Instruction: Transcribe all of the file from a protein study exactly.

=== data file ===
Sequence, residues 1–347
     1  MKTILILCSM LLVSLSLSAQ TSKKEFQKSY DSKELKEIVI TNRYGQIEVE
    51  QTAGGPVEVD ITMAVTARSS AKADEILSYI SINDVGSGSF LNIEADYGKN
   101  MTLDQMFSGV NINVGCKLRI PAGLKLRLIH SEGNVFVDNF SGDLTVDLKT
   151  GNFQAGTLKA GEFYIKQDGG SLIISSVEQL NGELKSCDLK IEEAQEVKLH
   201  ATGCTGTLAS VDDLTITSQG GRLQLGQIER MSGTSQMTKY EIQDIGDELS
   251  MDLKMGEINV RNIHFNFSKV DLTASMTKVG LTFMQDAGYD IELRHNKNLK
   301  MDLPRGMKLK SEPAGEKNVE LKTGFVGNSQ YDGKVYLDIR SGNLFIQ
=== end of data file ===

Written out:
Sequence, residues 1–347
     1  MKTILILCSM LLVSLSLSAQ TSKKEFQKSY DSKELKEIVI TNRYGQIEVE
    51  QTAGGPVEVD ITMAVTARSS AKADEILSYI SINDVGSGSF LNIEADYGKN
   101  MTLDQMFSGV NINVGCKLRI PAGLKLRLIH SEGNVFVDNF SGDLTVDLKT
   151  GNFQAGTLKA GEFYIKQDGG SLIISSVEQL NGELKSCDLK IEEAQEVKLH
   201  ATGCTGTLAS VDDLTITSQG GRLQLGQIER MSGTSQMTKY EIQDIGDELS
   251  MDLKMGEINV RNIHFNFSKV DLTASMTKVG LTFMQDAGYD IELRHNKNLK
   301  MDLPRGMKLK SEPAGEKNVE LKTGFVGNSQ YDGKVYLDIR SGNLFIQ